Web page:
A Breath of Fresher Air: Curbing Emissions to Improve Health

Across the globe, populations are swelling in urban areas. The United Nations projects 2.5 billion more people will live in cities by the year 2050, an 80 percent increase from today.

That means air pollution, and its deadly toll on human health, will only prove a larger concern going forward. Cities will need to find ways to reduce carbon emissions, mainly composed of very fine soot particles, that already contribute to almost 9 million premature deaths worldwide, according to a recent 2017 study.

An international team of researchers, including the University of Minnesota’s Anu Ramaswami, Ph.D., recently explored how to design cities to reuse the byproducts of industrial processes, like "waste" heat, to reduce energy use and emissions in nearby commercial and residential buildings. Their study, recently published in Nature Climate Change, demonstrated that sustainable urban design strategies can lead to cleaner air, and in turn, better health for local residents, while also reducing carbon emissions.

Ramaswami, the Charles M. Denny Jr. Chair of Science, Technology, and Public Policy at the Humphrey School of Public Affairs, was principal investigator for the project. She came up with the idea for the study while thinking about what individual cities can do to improve their own energy sustainability and air quality.

“A country can have national clean energy standards, but it’s with urban infrastructure planning that cities themselves can really make an impact,” said Ramaswami, who is also a professor of bioproducts and biosystems engineering in the U’s College of Food, Agricultural, and Natural Resource Sciences. “This would be a win-win situation where you could reduce global carbon emissions and also improve health locally.”

Redistribute the Warmth

Many industrial processes generate “low-grade” heat as a byproduct, but it often goes unused. This heat isn’t hot enough to turn a turbine and generate electricity.

The researchers found that industrial operations could pass this heat on to homes and businesses up to 18 miles away for the purpose of warming them (using a heater) or cooling them (using a chiller). With already-produced industrial heat powering these systems, homes and businesses wouldn’t have to consume as much “new” energy from power plants, coal, or natural gas sources. Citywide, less energy would need to be used, meaning fewer emissions would be released into the air.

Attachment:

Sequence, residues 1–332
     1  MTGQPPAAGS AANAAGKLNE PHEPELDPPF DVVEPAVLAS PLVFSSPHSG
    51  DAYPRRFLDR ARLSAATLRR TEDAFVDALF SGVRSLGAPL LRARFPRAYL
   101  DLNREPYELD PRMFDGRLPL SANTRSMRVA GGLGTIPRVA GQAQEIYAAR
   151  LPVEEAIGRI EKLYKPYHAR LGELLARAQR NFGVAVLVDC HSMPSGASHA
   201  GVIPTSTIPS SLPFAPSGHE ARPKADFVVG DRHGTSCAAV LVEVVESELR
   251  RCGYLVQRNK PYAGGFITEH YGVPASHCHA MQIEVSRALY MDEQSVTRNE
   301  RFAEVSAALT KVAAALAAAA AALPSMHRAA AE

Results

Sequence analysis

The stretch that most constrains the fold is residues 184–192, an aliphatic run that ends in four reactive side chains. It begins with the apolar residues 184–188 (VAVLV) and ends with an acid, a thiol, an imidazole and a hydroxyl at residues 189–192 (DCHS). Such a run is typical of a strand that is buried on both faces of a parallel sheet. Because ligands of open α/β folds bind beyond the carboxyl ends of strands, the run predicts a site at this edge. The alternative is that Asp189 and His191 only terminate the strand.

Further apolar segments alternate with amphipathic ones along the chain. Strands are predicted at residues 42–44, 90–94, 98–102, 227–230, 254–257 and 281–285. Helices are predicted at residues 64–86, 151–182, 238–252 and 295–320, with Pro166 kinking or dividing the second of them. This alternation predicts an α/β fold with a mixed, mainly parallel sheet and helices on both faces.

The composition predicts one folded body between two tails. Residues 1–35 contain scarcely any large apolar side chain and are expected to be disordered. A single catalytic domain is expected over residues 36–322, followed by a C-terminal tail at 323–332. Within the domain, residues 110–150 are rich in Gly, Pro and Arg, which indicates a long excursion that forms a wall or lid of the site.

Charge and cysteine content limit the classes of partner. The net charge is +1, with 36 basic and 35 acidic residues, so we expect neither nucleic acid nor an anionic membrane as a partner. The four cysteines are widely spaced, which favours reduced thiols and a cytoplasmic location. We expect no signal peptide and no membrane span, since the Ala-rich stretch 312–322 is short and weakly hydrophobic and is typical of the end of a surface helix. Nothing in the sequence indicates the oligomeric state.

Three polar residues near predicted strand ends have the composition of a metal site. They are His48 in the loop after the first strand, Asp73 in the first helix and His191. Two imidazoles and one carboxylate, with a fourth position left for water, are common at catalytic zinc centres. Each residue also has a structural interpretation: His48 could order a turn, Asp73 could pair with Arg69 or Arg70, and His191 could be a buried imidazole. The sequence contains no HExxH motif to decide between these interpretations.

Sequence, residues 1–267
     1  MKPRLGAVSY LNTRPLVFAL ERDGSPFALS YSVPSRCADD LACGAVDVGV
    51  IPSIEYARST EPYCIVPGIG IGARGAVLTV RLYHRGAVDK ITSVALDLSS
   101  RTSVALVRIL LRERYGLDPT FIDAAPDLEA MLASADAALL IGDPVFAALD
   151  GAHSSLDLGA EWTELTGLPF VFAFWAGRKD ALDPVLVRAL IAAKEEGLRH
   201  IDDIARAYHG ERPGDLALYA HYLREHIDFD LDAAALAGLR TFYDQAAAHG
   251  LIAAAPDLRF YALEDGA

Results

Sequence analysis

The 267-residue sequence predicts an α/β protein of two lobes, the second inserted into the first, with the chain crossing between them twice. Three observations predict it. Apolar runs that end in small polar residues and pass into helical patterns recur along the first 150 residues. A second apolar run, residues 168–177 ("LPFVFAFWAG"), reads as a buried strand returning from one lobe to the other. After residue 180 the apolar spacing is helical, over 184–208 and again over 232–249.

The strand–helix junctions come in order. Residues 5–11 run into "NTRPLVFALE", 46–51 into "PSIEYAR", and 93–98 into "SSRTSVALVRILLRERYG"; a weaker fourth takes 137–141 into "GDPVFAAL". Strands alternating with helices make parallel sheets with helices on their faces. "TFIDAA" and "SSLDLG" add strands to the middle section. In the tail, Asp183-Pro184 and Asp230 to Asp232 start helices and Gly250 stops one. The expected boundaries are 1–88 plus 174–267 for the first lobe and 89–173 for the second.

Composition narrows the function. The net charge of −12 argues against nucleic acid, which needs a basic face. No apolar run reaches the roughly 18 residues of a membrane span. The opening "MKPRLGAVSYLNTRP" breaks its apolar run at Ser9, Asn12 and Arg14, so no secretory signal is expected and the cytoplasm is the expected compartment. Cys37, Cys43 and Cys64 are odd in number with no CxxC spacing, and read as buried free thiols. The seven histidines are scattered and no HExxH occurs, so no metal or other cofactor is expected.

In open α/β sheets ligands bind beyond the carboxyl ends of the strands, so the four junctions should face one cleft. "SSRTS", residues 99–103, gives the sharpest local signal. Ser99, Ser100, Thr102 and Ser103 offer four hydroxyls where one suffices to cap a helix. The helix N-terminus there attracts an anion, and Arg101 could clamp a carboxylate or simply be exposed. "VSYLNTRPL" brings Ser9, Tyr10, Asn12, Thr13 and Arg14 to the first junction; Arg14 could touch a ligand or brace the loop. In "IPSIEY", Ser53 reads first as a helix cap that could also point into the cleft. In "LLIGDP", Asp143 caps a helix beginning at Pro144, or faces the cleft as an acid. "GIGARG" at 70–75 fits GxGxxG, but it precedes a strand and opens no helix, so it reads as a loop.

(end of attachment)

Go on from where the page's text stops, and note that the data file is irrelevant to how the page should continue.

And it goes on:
Any major source of heat could contribute to this strategy, from large industrial operations to computer server rooms to grocery stores trying to keep food cold.

Researchers noted that the air quality benefits of this strategy would vary from place to place. Two cities that reduce fossil fuel use by the same proportion might see different outcomes based on how air pollution flows into and out of the city from surrounding areas.

Even so, the study showed potential for significant carbon and health co-benefits. If all of China’s cities adopted these strategies, the researcher noted they could decrease carbon emissions by 3 percent each year and prevent up to 57,000 premature deaths from poor air quality. And the industrial heat could go a long way toward meeting the needs of today’s and future homes and businesses in Chinese cities.

“What’s incredible is we found about half of the cities would not need any extra fuel to heat and cool their buildings,” Ramaswami said.

A New Approach

Most strategies to address carbon emissions focus on just one sector—residential, commercial, or industrial. This study, funded by a National Science Foundation grant aimed at international research collaborations, was the largest so far to look at multi-sector city-level data.

Apart from the U of M, collaborators in the study included researchers from the US’s Georgia Institute of Technology and Yale University, as well as China’s Tsinghua University and Shanghai University. Ramaswami said each member of the team brought important skills and research to the table. The Georgia researcher contributed expertise in modeling air pollutions, for example, while collaborators from two universities in China provided detailed data about the largest sources of pollution in the cities they examined.

The study’s findings can serve as a foundation for further efforts looking to understand what cities can do to reduce carbon emissions and improve public health. Moving forward, Ramaswami aims to expand on the findings of the China study with further research on the subject of lowering carbon emissions through urban design—this time with a domestic focus.

“You can do this in US cities,” she said. “That’s our next step.”